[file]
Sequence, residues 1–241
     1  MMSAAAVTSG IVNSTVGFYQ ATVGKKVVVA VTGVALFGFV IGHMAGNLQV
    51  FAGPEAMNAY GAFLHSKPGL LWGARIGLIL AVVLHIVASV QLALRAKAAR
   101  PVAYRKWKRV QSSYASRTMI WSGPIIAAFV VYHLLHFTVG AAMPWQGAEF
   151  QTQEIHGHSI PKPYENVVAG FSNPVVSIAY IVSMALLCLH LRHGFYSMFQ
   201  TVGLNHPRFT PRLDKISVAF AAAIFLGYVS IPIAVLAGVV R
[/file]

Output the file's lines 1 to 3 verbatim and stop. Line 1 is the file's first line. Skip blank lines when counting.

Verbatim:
Sequence, residues 1–241
     1  MMSAAAVTSG IVNSTVGFYQ ATVGKKVVVA VTGVALFGFV IGHMAGNLQV
    51  FAGPEAMNAY GAFLHSKPGL LWGARIGLIL AVVLHIVASV QLALRAKAAR